Third baseman, Dave Malarcher (Army): The pint-sized Malarcher (5-foot-7, 148 pounds) was a speedy, smooth-fielding switch-hitter whose knack for fouling off pitches drove pitchers crazy throughout his 16-year career, which was interrupted by a two-year stint in the U.S. Army. From 1918-19, Malarcher played baseball for the Allied Expeditionary Forces in France. Upon his return to the the U.S., he was fortunate enough to play in Chicago for Rube Foster, the Hall of Fame founder of the Negro Leagues and one of the best baseball executives in history. The lessons learned under Foster helped Malarcher became one of the top managers in the Negro Leagues.

Outfielder, Willard Brown (Army): Like so many Negro Leaguers in the 1940s, Brown entered the military late into the war. He spent the 1944 and '45 seasons in the Army. While his military career didn't include combat -- not uncommon in the segregated age of the U.S. Armed Forces -- he hauled munitions and guarded prisoners. Brown also played in the G.I. World Series. Before his time in the Army, and after, Brown was one of the most feared (and most stubborn) sluggers in the history in the game. In '47, he was part of the exodus of black talent to the Majors. He spent part of the '47 season with the St. Louis Browns, although the team released him afterward. Brown never got a second chance, and he went back to the Negro Leagues to finish out his Hall of Fame career.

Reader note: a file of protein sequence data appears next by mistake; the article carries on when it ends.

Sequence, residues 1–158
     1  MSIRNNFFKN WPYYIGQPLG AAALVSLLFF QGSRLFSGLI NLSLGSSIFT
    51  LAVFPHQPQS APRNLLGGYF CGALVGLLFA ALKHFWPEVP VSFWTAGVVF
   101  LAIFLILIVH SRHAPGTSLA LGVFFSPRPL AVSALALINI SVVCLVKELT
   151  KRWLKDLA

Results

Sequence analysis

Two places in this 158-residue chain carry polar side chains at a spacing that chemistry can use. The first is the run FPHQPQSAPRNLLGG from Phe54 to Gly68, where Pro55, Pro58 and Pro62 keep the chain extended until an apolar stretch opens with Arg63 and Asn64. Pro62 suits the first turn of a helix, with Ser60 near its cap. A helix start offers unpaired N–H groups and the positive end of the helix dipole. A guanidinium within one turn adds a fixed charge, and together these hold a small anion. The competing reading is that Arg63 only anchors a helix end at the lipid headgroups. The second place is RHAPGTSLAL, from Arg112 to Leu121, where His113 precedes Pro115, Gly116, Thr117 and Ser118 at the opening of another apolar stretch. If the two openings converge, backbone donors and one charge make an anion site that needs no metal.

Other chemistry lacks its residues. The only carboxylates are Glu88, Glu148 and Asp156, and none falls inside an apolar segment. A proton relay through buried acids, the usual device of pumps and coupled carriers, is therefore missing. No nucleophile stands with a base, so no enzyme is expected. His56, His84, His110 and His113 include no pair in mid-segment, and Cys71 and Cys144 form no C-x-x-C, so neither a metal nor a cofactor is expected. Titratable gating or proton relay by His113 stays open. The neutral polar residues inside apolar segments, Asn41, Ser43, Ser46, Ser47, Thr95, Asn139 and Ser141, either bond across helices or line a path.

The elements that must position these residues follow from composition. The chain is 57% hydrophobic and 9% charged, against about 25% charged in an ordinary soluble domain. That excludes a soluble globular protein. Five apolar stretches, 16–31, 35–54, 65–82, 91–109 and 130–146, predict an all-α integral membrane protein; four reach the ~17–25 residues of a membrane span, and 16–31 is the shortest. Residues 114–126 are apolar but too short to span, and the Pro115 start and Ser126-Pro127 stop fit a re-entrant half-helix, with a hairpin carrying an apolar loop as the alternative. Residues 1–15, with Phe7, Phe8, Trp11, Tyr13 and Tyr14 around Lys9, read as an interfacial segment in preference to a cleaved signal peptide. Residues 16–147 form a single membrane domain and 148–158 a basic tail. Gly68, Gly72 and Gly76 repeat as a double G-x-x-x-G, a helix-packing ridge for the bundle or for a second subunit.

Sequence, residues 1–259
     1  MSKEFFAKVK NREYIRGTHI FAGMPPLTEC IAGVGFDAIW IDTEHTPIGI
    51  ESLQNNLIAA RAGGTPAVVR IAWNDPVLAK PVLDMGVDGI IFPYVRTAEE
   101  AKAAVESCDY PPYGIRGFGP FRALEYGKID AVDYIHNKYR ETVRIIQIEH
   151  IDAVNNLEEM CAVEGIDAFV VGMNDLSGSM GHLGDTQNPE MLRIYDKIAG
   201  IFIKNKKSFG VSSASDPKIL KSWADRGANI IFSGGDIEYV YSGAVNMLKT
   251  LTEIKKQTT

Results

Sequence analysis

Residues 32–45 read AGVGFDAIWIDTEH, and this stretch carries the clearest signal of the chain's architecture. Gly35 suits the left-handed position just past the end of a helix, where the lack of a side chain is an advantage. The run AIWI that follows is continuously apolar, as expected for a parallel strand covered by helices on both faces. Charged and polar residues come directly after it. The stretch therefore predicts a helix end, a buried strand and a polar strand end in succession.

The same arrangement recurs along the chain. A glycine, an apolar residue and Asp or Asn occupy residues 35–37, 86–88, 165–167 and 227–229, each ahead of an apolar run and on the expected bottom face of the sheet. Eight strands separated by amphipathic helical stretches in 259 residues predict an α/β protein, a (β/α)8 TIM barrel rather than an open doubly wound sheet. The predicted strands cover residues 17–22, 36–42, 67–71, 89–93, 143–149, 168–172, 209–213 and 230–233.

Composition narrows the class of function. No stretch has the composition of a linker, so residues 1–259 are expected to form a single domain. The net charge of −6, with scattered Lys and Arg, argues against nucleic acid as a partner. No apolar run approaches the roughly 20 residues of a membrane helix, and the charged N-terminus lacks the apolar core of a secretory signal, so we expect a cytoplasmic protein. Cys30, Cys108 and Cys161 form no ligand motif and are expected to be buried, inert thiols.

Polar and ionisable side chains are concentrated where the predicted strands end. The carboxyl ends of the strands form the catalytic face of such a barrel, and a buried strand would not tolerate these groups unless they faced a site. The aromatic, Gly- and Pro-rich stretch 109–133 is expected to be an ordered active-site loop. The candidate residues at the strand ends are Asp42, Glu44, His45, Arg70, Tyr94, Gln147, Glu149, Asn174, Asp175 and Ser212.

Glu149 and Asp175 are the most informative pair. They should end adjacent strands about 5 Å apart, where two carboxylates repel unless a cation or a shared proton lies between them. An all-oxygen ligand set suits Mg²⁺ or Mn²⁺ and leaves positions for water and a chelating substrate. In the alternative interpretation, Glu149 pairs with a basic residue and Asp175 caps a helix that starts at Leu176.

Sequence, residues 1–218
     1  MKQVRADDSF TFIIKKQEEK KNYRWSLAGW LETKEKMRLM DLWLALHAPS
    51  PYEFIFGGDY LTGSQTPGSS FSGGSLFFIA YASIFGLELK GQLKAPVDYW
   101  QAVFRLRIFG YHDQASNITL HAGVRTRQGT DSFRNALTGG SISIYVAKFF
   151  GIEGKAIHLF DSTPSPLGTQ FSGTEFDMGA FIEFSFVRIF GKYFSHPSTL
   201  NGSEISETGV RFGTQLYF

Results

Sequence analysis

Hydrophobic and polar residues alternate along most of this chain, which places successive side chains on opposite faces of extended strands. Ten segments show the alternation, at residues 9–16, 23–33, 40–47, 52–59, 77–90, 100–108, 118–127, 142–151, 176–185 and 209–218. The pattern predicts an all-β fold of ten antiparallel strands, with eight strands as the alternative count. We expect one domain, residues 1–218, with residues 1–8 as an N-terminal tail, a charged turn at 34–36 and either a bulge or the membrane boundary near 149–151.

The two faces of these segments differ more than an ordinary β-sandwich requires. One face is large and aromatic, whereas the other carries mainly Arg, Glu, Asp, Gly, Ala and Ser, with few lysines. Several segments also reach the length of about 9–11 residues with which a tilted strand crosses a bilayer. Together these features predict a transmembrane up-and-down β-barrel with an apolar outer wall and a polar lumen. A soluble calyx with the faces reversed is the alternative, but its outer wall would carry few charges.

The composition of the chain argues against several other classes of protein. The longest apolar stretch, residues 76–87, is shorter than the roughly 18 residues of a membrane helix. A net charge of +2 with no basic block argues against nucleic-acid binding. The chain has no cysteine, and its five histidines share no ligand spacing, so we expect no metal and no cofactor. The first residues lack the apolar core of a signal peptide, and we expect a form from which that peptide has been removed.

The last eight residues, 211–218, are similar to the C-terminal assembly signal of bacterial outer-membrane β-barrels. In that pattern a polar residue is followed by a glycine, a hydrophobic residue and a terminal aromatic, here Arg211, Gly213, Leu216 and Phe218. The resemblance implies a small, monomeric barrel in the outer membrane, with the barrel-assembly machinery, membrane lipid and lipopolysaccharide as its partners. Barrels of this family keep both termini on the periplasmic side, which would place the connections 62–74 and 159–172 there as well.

Outfielder, Monte Irvin (Army): One of the most versatile ballplayers in history, Irvin could have also made the All-Military Team as a shortstop or a third baseman. His skills and baseball credentials were far superior to Jackie Robinson's in the years after the war, and the college-educated Irvin easily could have been the man picked to integrate the game. During his prime years, Irvin was drafted into the service, spending three years in the Army Engineers from 1943-45. Irvin won batting titles in the Negro Leagues and in the Mexican League, and he went on to put together a Hall of Fame career in the big leagues before his retirement in 1956.

Outfielder, Oscar Charleston (Army): Unlike others on this list, Charleston didn't begin his Hall of Fame baseball career until after his military career ended. He was 15 when he joined the Army. His four-year stint included time in the Philippines before he returned to a civilian's life in 1915. It was then that Charleston, a five-tool combination of Tris Speaker and Babe Ruth, began one of the most storied careers in the history of the game. Many baseball historians, including Kendrick, Dixon and Riley, consider the temperamental, fearless Charleston the best black ballplayer of all time. Bill James ranked Charleston as the fourth-best ballplayer in baseball history.